Tom Carradine launched his first album of his Cockney Sing-A-Long at the wholly appropriate setting of Wilton’s Music Hall, one of the few Victorian Music Halls left standing in London. The album, recorded at the Bull and Gate in Kentish Town, is attractively produced, with an accompanying booklet of words, featuring the songs in his repertoire, a selection of which are performed in his shows.
Wax mustachioed and suitably dressed, Carradine took his place at the piano amid great cheers from what transpires to be a regular, dedicated and growing following of quite a diverse age range.
Starting straight into the sing-along, with little introduction, Carradine really gets the atmosphere going. The evening features songs from Music Hall, Wartime, West End and some pop songs from various decades. The second half also includes ‘guest medleys’ of various themes, which change from show to show. Tonight featured a sitcom medley which included the Dad’s Army song , One Foot in the Grave, and Only Fools and Horses; and also a medley of love songs (Valentine’s Day is just around the corner) and songs from ‘Cockney’ musicals such as Oliver and My Fair Lady.
He explains that apart from song and the ‘joanna’, there are 3 main elements to a cockney sing-along – a) drink – the bar is open throughout, b) dancing – there is room at the sides and in the balcony for a knees up, and c) interjection – which he provides with gusto.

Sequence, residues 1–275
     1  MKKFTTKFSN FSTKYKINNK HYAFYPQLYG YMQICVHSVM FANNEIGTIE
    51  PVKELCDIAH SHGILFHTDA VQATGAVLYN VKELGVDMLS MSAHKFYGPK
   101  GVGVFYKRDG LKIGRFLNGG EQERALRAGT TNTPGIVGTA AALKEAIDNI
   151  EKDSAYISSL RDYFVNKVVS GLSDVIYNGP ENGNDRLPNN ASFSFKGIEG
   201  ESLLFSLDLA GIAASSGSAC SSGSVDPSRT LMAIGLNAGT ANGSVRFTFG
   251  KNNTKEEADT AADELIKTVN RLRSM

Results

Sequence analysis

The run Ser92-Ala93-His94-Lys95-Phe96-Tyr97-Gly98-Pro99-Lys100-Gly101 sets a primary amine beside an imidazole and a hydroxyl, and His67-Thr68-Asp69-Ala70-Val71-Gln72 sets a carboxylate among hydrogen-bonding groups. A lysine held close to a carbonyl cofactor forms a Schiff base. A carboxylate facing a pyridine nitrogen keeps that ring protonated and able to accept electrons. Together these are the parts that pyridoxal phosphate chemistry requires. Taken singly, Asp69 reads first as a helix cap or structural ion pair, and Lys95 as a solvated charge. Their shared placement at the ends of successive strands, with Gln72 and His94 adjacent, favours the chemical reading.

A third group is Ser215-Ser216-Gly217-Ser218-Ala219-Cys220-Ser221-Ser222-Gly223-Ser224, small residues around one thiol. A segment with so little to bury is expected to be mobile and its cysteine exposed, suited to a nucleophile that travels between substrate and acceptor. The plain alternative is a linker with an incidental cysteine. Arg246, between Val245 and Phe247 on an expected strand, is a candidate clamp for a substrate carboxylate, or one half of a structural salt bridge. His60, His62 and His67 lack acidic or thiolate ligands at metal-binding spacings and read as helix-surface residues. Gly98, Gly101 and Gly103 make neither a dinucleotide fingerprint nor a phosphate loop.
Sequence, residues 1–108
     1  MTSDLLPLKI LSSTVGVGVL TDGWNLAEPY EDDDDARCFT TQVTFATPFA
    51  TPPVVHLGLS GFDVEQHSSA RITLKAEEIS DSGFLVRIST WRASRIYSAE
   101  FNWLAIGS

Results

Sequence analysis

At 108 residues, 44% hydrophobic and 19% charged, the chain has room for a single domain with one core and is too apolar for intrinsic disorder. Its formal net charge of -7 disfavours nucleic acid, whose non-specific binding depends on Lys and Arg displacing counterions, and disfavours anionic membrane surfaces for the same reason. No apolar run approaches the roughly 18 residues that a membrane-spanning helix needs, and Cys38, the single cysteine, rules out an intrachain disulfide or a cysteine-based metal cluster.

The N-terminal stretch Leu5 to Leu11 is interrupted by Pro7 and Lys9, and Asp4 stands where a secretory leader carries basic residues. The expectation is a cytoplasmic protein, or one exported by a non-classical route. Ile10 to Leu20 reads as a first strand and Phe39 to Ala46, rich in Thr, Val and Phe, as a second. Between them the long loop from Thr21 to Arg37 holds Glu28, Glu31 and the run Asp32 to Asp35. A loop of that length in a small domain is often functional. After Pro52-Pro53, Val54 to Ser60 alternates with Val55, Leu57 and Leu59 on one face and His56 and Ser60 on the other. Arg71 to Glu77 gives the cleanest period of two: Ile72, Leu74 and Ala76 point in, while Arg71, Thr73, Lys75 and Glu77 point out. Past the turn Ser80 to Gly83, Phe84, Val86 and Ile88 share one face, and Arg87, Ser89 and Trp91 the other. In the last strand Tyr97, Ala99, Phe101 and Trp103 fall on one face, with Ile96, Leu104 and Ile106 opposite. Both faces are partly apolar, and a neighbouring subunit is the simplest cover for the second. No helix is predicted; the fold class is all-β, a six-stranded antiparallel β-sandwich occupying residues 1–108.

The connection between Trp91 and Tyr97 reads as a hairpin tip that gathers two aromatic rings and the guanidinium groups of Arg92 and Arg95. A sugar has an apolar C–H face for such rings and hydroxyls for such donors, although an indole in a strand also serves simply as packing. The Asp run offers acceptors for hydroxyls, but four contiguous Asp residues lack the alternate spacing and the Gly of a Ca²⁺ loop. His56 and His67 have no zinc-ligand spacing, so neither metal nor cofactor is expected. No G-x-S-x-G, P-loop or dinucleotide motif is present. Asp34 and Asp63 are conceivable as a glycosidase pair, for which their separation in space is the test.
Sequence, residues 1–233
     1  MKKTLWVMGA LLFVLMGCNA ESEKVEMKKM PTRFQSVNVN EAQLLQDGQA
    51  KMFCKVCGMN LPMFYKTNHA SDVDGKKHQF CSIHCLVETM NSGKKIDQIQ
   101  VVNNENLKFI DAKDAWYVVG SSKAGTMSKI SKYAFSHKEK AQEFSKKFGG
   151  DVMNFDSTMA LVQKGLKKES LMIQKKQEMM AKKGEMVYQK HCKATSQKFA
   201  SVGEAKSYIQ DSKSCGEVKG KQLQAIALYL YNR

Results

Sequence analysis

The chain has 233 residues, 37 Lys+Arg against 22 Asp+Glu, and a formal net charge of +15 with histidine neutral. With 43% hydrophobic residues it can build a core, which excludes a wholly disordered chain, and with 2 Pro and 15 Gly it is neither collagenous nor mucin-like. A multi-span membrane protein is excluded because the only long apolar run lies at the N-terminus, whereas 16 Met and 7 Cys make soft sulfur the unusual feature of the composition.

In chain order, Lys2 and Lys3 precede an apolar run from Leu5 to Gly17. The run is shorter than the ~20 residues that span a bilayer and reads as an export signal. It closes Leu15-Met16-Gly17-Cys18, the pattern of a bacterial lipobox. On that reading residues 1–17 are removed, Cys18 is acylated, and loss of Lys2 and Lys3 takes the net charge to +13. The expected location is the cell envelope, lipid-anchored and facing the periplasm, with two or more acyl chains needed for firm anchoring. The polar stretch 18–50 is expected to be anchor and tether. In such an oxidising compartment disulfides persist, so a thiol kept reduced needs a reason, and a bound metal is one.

The audience need no encouragement to join in, not only singing, but gesturing, getting up on their feet, the lot. During the Wartime section, Union Jack bunting is produced and hung around the hall. The group of elderly people beside me were among the most active, but the younger audience in the rows in front were smiling and singing with enthusiasm also. This is very much a family affair, with some dressed in old cockney outfits for the occasion.
As well as an accomplished musician, Carradine is a good showman with a charming personality and very nice singing voice. The audience clearly love what he does.
Wilton’s is beautifully restored, maintaining a somewhat ‘ruined’ feel – not too polished or glitzy, very atmospheric and keeping the rough- hewn walls. The twisted pillars are particularly noteworthy. The stage is tiered and the words for the sing-along are projected on slides onto the back wall between the red velvet curtains.
This is ultimately a very simple idea – just a lot of people round a piano led by the musician – an extension of a family get-together. It has possibilities of growing, not only in terms of larger audience numbers in bigger venues, but artistically. Personally, I would like to see it enhanced by adding guest performers, interspersed with stories, and perhaps histories of the songs themselves.
It is refreshing to think that in this day and age of digital, instantaneous and over-produced everything, there is still a market for such an old-fashioned concept as a sing-along and knees-up. And well done to Tom Carradine for making it happen, especially in such a perfect venue for it.